Hospice care is available in various locations. Hospice care is most often provided at home, but it can also be provided in specialized inpatient facilities, hospitals and nursing homes. It can also be done in conjunction with professional home care if needed. Hospice services will differ depending on where you live and the hospice's philosophy, but will generally include:

  • medical and nursing services

  • medical supplies and equipment

  • medicines to treat cancer-related symptoms and pain

  • short term inpatient treatment

  • volunteers to give caregivers a break

  • counseling and spiritual assistance

  • social work services

  • prompt consultation and support


Hospice specialists and volunteers undergo special training. They are committed to supporting the emotional needs of both patients and their families and are trained to cope with medical symptoms. A hospice team typically includes doctors, nurses, home care aides, social workers, clergy or other counselors, and trained volunteers. The team may also include speech therapists, physical therapists and therapists, if needed. The hospice team will focus on your end-of-life care goals, creating a treatment plan tailored to your needs and desires.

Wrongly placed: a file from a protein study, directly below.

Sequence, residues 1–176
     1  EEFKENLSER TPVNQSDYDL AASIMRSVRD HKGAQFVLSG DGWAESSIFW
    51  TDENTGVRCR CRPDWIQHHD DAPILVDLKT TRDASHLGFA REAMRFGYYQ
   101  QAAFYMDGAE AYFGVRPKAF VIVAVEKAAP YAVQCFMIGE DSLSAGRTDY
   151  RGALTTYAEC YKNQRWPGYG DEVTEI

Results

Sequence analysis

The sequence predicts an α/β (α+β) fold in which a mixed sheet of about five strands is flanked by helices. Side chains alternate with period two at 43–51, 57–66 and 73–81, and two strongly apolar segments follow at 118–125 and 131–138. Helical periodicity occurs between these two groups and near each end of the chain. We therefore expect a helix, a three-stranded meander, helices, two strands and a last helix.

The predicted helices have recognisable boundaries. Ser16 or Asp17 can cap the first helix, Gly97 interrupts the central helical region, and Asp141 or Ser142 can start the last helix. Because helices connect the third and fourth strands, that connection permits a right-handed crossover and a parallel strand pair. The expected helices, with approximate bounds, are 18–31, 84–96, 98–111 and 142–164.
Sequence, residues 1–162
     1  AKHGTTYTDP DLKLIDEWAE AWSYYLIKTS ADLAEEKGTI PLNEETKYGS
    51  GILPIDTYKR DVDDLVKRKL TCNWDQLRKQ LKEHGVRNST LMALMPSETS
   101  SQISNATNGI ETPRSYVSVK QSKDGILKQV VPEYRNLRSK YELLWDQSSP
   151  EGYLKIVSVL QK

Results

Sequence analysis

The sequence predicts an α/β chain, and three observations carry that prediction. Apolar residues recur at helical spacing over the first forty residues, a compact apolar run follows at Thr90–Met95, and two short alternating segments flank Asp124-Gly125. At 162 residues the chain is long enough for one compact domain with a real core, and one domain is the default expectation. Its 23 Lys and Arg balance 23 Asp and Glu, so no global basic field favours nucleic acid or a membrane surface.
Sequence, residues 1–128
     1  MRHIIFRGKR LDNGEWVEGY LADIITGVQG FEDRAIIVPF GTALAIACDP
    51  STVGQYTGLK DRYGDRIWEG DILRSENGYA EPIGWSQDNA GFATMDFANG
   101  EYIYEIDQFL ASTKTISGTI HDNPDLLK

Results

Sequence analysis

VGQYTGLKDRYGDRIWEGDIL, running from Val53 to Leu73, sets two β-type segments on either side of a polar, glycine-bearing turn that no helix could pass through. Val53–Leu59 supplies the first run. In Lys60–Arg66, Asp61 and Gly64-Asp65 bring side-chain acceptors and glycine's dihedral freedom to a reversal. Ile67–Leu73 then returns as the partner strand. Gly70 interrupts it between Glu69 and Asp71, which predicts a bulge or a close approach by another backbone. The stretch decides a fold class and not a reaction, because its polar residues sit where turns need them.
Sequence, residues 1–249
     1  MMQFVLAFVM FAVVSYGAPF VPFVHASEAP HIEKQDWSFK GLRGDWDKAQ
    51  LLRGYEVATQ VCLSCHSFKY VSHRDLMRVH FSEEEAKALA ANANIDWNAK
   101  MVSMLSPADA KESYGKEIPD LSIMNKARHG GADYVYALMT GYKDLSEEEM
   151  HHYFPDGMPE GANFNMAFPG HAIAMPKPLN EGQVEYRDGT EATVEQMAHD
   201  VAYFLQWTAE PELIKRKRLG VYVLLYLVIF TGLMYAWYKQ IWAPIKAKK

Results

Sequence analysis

Hospice can provide support for several months. Although many people unfortunately believe that hospice is only available in the last days or weeks of life, it can provide support for several months. Many people said they would like hospice care to start earlier. They were surprised by the attentiveness and understanding of the hospice specialists.

Your doctor must confirm that you are eligible for hospice care. Most insurance plans cover hospice care after receiving a statement from your PCP and hospice medical director that your life expectancy is 6 months or less. You must also sign a statement that you are choosing a hospice. Hospice care can be continued if you live longer than 6 months if the hospice doctor re-confirms your condition.